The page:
The Home Rule Bill that was passed in Westminster in 1912 mandated a parliament in Dublin with jurisdiction over the whole island. It was a rather weak bill but was welcomed as an important step forward by Irish nationalists. 

Over 100,000 cheering supporters welcomed John Redmond, leader of the Irish Parliamentary Party (IPP), back to Dublin after his success. Reversing the Act of Union where Daniel O’Connell and Charles Parnell failed was indeed a historic feat. 

Patrick Pearse, the leader of the Easter rebellion a few years later, hailed it as real progress, but he issued a prescient warning that all hell would break loose if Britain reneged on its promises.

Meanwhile, in Belfast, the Protestant community led by Edward Carson and James Craig reacted negatively to the new bill. It specified the establishment of a unitary government in Dublin where, as they saw it, loyalists would be in a permanent minority. 

For them, Home Rule equaled Rome Rule. So they declared their fierce opposition to being governed by papists who were seen as the perennial enemy of their culture. 

By 1914, when the Home Rule Bill was finally to become law, the First World War erupted and Redmond agreed to postpone implementation of the bill until the war ended. Redmond, the accepted leader of Irish nationalism, also had to face the Ulster question.

What could a nationalist statesman offer to a strong rump of Protestants, predominantly living in one area of the island, who were adamant that they would have no part of Dublin rule?  Some historians appropriately call this the “damnable question” of modern Irish history. Redmond reluctantly concluded that he would have to accept some different arrangements for Ulster.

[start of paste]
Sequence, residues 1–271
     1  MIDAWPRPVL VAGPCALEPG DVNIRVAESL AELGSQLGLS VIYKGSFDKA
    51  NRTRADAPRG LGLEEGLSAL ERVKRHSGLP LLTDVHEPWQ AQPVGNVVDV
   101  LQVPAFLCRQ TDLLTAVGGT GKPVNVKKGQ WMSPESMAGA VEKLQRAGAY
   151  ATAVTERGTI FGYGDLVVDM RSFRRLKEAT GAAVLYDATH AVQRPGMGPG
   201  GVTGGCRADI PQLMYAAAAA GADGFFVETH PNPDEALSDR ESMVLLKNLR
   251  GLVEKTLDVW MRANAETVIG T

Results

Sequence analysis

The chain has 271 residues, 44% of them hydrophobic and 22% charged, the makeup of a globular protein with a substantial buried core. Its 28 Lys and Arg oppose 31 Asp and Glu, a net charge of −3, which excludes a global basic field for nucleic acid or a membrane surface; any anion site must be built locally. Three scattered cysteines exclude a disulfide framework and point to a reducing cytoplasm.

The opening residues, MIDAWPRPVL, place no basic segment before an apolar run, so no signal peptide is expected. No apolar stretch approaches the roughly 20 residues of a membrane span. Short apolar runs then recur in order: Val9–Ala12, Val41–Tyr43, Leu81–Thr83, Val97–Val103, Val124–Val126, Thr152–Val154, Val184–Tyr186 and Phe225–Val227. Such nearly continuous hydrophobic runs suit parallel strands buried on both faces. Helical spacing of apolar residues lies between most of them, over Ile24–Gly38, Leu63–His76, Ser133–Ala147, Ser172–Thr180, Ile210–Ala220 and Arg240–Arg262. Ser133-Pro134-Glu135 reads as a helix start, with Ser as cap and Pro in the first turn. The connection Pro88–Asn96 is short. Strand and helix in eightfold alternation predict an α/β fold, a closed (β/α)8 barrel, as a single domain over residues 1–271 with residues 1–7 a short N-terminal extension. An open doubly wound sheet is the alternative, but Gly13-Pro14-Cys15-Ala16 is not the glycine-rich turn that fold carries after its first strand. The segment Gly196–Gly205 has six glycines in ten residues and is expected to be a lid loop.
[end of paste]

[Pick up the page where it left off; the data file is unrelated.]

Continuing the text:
The British government was decidedly pro-unionist. They had no intention of forcing the issue with the loyalists in Ulster and had little sympathy for the cause of Irish nationalism. Any new proposal had to have the imprimatur of the loyalist leader, Carson, who, unlike Redmond, won establishment kudos by serving in the cabinet during the years of the Great War.

Sinn Féin grew stronger after the British mishandling of the aftermath of the Easter Rising. In the 1918 Westminster election, they swept the board, leaving the IPP in the doldrums. They chose not to take their seats in Westminster and instead set up their own provisional government. 

On the same day, January 21, 1919, that these Sinn Féin MPs met in the Mansion House in Dublin to choose their cabinet, the War of Independence began in Tipperary pitting the Irish Volunteers, now generally called the Irish Republican Army (IRA), against the various British security forces in Ireland. 

The controversy in Ulster was very much part of the revolutionary mix, but the Republicans never planned to use force to sort out that problem. Military engagement with Protestants would involve betraying the core precept of Wolfe Tone’s inclusive political philosophy, and they were also conscious that the Ulster Volunteers controlled a huge militia of close to 100,000 armed men. 

There were minor IRA skirmishes against the police in Monaghan and Down, but the bulk of the fighting in the War of Independence took place in Dublin and in the Munster area at the other end of the island.

Economic considerations were very much part of the discussion. Close to 70 percent of the Irish GDP was generated by the linen and shipbuilding industries in Belfast and surrounding counties. Protestant leaders pointed to these figures with great pride. In their story, economic success reflected on their biblical lifestyle and superior work ethic. By comparison, their Catholic neighbors were viewed as lazy and impecunious, an attitude found also among many of their co-religionists in Europe. 

The English and Scottish planters who took control of the land in Ireland in previous centuries became Gaelicized over generations, more Irish than the Irish themselves. This transformation did not happen in Ulster.